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– Spring/Summer 1999

Visual Syntax in the Work of Pierre Huyghe

Jean-Christophe Royoux

Pierre Huyghe Chantier Barbès-Rochechouart Billboard, Paris 1994. Courtesy of the artist and Marian Goodman Gallery

Pierre Huyghe Chantier Barbès-Rochechouart Billboard, Paris 1994. Courtesy of the artist and Marian Goodman Gallery

In a recent paper, I attempted to demonstrate the community of thought between the propositions of Pierre Huyghe and other artists of his generation. At that time, it seemed clear that one of the most significant characteristics of his work was the development of an artistic practice that arose from the multiple possibilities inherent in an already existing text.

In the early 1990s, Huyghe began a new body of work that addressed the rhythms of the city and the particular texture that constitutes its flux and reflux. He has since continued to explore representations of time, story and work. Parcours (1992), the first project of this new period, showed the journey of a truck driving through Paris with a man walking on a running machine installed on a platform at the rear of the vehicle. The truck had transparent sides and was lit internally allowing the walking figure to be seen from the outside. Another project, Billboards (1994-95), consisted of a series of posters (4 x 3m) designed to be pasted onto advertising spaces adjacent to scenes or actions of everyday life. By reproducing a somewhat idealised view of the street scene below, the posters reflected various activities such as workers repairing a road. Similarly, the cinematographic remakes such as the famous Rear Window by Alfred Hitchcock, or Uccelacci e Uccellini by Pier Paolo Pasolini (re-shot on the same location as the original production) are further examples of the use of pre-existent texts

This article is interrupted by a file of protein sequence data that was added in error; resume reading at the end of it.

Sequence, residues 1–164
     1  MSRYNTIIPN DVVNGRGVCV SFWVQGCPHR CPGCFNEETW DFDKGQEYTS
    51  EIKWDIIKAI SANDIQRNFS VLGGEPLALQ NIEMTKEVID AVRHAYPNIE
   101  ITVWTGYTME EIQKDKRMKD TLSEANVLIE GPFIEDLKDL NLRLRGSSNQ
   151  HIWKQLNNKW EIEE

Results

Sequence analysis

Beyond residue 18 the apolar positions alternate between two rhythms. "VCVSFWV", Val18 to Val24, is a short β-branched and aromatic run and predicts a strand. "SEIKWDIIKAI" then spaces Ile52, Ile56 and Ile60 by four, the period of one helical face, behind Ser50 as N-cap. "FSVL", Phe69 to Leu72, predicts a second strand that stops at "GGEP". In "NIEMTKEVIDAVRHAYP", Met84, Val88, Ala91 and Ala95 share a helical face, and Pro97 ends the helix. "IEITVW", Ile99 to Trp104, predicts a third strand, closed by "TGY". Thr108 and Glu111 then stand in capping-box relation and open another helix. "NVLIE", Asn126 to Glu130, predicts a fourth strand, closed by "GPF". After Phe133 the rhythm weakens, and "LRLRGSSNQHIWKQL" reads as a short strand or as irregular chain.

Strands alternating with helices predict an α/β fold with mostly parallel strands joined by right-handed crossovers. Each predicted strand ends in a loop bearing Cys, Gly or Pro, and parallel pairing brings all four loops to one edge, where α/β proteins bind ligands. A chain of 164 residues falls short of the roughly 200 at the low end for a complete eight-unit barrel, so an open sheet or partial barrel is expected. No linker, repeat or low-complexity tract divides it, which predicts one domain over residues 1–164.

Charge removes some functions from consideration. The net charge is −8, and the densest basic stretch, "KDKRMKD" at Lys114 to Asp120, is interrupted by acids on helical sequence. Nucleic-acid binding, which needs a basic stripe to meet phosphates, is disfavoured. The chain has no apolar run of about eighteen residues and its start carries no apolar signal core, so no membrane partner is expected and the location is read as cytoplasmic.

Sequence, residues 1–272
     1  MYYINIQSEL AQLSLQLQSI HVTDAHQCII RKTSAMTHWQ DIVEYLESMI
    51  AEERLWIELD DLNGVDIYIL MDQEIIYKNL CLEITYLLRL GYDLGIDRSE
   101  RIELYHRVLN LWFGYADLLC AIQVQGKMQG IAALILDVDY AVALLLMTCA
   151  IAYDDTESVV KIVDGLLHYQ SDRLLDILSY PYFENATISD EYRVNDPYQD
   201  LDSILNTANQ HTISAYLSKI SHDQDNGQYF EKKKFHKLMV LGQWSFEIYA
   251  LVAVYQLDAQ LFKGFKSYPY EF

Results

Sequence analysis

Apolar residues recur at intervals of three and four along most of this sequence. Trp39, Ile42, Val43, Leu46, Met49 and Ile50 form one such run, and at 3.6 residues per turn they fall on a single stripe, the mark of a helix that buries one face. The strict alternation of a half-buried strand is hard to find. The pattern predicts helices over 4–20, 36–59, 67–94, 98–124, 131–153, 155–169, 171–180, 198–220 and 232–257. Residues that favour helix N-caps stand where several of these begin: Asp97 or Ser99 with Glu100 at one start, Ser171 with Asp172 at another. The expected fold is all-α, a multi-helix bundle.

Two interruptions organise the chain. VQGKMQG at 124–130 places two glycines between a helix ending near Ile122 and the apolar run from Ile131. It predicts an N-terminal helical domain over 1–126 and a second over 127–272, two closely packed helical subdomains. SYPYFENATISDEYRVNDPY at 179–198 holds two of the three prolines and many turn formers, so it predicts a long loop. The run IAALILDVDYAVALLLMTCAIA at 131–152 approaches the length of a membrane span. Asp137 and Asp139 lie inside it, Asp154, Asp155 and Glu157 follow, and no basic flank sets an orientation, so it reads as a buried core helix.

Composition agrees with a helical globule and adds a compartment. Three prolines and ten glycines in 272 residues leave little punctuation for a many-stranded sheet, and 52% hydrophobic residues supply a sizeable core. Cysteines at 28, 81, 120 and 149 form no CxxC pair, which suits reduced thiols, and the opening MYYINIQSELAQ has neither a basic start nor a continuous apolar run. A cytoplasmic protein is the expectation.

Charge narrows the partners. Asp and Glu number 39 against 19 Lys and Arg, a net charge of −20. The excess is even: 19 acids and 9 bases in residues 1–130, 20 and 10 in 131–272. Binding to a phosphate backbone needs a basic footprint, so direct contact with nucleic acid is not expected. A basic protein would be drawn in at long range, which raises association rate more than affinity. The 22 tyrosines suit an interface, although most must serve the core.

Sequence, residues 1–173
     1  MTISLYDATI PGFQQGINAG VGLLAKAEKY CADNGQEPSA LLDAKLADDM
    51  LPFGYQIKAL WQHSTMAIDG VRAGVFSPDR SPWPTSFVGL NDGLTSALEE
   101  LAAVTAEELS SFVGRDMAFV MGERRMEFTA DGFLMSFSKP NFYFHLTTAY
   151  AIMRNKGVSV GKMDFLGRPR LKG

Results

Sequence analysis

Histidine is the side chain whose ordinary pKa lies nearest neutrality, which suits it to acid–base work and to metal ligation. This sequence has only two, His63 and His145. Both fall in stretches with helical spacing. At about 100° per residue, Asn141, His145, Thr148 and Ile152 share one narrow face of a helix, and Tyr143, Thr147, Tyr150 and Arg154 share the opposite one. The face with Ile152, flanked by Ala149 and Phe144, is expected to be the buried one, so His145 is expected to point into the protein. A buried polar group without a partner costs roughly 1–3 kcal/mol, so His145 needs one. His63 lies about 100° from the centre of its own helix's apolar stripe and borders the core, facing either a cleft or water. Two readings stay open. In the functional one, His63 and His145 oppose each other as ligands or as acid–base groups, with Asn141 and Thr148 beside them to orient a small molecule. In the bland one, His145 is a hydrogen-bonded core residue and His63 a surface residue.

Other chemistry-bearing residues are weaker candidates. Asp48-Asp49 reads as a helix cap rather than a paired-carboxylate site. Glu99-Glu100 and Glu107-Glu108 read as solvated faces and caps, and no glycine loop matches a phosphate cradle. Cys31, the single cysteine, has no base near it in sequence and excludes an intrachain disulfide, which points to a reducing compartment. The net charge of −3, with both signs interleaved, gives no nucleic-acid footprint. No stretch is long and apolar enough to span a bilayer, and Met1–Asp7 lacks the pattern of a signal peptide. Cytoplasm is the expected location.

Footnotes
  1. This is the demonstration best described by Serge Daney as 'the law of series'. See 'Le Salaire du Zappeur', chronicles which appeared in Libération, Sept-Dec 1987, 1993, pp.85-86

  2. Victor Burgin, Legitimating Narratives, Camera Austria, no.25, 1988

  3. Victor Burgin The Absence of Presence: Conceptualism and Post-Modernisms, in 1965-1972, When Attitudes Became Form, Cambridge: Kettle's Yard Gallery; Edinburgh: Fruitmarket Gallery, 1984, p.21

  4. About the poltergeist, see Henri Michaux, Une Voie pour l'Insubordination, Montpellier: Fata Morgana, 1980

  5. This is one of the ideas I developed in my paper 'D'une Boucle a 1'autre: activité artistique, post-cinéma et télévision', Journal de I'lnstitut Français de Bilbao, no.8, April 1998

  6. Commentary made by Serge Daney in 'Le Salaire du Zappeur', Libération, Sept-Dec 1987, 1993, p.37